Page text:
U.S. Pat. No. 5,659,173 discloses a sonoluminescence system that uses a transparent spherical flask. The spherical flask is not described in detail, although the specification discloses that flasks of Pyrex®, Kontes®, and glass were used with sizes ranging from 10 milliliters to 5 liters. The drivers as well as a microphone piezoelectric were simply epoxied to the exterior surface of the chamber.
U.S. Pat. No. 5,858,104 discloses a shock wave chamber partially filled with a liquid. The remaining portion of the chamber is filled with gas which can be pressurized by a connected pressure source. Acoustic transducers are used to position an object within the chamber while another transducer delivers a compressional acoustic shock wave into the liquid. A flexible membrane separating the liquid from the gas reflects the compressional shock wave as a dilation wave focused on the location of the object about which a bubble is formed. The patent simply discloses that the transducers are mounted in the chamber walls without stating how the transducers are to be mounted.
U.S. Pat. No. 5,994,818 discloses a transducer assembly for use with tubular resonator cavity rather than a cavitation chamber. The assembly includes a piezoelectric transducer coupled to a cylindrical shaped transducer block. The transducer block is coupled via a central threaded bolt to a wave guide which, in turn, is coupled to the tubular resonator cavity. The transducer, transducer block, wave guide and resonator cavity are co-axial along a common central longitudinal axis. The outer surface of the end of the wave guide and the inner surface of the end of the resonator cavity are each threaded, thus allowing the wave guide to be threadably and rigidly coupled to the resonator cavity.
U.S. Pat. No. 6,361,747 discloses an acoustic cavitation reactor in which the reactor chamber is comprised of a flexible tube. The liquid to be treated circulates through the tube. Electroacoustic transducers are radially and uniformly distributed around the tube, each of the electroacoustic transducers having a prismatic bar shape. A film of lubricant is interposed between the transducer heads and the wall of the tube to help couple the acoustic energy into the tube.
PCT Application No. US00/32092 discloses several driver assembly configurations for use with a solid cavitation reactor. The disclosed reactor system is comprised of a solid spherical reactor with multiple integral extensions surrounded by a high pressure enclosure. Individual driver assemblies are coupled to each of the reactor's integral extensions, the coupling means sealed to the reactor's enclosure in order to maintain the high pressure characteristics of the enclosure.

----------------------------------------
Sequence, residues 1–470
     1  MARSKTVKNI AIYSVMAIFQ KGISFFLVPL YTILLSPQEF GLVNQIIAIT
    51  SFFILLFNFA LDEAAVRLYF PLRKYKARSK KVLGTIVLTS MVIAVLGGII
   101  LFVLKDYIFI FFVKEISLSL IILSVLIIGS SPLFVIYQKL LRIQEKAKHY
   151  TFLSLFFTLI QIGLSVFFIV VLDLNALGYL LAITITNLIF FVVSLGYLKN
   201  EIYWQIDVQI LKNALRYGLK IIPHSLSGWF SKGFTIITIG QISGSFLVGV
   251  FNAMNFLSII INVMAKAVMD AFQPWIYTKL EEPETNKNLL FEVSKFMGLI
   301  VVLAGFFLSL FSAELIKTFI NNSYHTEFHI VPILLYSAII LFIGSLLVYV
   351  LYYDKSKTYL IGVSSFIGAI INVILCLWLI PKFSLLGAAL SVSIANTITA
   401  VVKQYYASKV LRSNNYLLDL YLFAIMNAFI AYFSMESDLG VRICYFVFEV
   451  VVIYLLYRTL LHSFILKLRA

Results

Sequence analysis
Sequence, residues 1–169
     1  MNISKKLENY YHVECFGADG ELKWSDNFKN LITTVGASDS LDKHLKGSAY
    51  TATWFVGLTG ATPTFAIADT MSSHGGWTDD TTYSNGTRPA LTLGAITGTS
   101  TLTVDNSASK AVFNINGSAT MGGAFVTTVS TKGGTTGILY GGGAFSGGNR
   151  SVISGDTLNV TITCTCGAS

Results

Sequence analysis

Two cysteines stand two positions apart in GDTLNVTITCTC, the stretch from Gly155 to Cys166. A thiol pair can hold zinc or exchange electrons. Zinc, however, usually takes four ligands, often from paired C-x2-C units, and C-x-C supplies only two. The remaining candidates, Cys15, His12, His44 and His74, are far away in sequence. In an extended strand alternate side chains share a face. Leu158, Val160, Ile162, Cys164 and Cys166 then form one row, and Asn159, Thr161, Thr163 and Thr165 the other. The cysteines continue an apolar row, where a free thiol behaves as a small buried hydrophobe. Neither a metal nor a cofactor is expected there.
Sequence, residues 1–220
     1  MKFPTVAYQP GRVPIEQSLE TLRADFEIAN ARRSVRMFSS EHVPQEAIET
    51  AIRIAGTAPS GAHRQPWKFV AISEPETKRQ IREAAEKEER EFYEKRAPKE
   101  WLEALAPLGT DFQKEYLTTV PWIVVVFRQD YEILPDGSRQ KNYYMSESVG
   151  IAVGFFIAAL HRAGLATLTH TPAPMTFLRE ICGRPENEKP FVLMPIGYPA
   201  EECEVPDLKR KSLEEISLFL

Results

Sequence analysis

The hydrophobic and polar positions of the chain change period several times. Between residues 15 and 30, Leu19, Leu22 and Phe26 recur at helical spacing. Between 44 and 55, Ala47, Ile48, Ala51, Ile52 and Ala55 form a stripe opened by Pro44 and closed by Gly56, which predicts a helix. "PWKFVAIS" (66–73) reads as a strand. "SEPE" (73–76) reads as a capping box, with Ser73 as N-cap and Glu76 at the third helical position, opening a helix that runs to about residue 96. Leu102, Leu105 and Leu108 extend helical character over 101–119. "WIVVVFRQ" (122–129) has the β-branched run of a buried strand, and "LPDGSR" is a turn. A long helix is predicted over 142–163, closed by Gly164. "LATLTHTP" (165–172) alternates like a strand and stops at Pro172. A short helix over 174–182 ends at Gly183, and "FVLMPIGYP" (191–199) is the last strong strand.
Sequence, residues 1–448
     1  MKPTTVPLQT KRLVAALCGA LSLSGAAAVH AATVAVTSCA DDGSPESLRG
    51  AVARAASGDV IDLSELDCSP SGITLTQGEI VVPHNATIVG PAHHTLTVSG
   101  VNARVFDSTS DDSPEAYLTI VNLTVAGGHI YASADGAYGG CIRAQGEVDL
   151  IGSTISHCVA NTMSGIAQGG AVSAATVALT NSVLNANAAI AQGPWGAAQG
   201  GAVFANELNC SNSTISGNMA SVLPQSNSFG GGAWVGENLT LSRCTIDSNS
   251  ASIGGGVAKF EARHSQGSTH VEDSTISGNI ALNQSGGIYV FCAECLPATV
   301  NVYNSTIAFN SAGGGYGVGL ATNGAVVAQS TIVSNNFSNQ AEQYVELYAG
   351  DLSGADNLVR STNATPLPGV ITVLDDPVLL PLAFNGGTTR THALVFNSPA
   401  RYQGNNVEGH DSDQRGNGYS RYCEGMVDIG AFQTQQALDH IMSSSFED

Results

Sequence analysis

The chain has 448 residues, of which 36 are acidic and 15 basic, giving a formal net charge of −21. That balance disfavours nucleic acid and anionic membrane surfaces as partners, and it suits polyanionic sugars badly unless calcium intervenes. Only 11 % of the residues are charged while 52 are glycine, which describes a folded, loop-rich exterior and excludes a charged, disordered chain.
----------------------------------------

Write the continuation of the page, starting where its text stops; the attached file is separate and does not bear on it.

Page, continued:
Although a variety of cavitation systems have been designed, these systems typically provide inadequate coupling of the acoustic energy to the cavitation chamber. Accordingly, what is needed in the art is an acoustic driver assembly that efficiently couples energy to the cavitation chamber while being relatively easy to manufacture. The present invention provides such a system.
The present invention provides an acoustic driver assembly for use with a spherical cavitation chamber. The acoustic driver assembly includes at least one transducer, a head mass and a tail mass, coupled together with a centrally located threaded means (e.g., all thread, bolt, etc.). The driver assembly is either attached to the exterior surface of the spherical cavitation chamber with the same threaded means, a different threaded means, or a more permanent coupling means such as brazing, diffusion bonding or epoxy. In at least one embodiment, the transducer is comprised of a pair of piezo-electric transducers, preferably with the adjacent surfaces of the piezo-electric transducers having the same polarity. The surface of the head mass that is adjacent to the external surface of the chamber has a spherical curvature greater than the spherical curvature of the external surface of the chamber, thus providing a ring of contact between the acoustic driver and the cavitation chamber. The area of the contact ring is increased in one embodiment by chamfering a portion of the head mass such that the chamfered surface has the same curvature as the external surface of the chamber. In at least one embodiment, a void filling material is interposed between one or more pairs of adjacent surfaces of the driver assembly and/or the driver assembly and the exterior surface of the cavitation chamber.
A further understanding of the nature and advantages of the present invention may be realized by reference to the remaining portions of the specification and the drawings.
Chamber 101 can be fabricated from any of a variety of materials, depending primarily on the desired operating temperature and pressure, as well as the fabrication techniques used to make the chamber. Typically the chamber is fabricated from a metal; either a pure metal or an alloy such as stainless steel.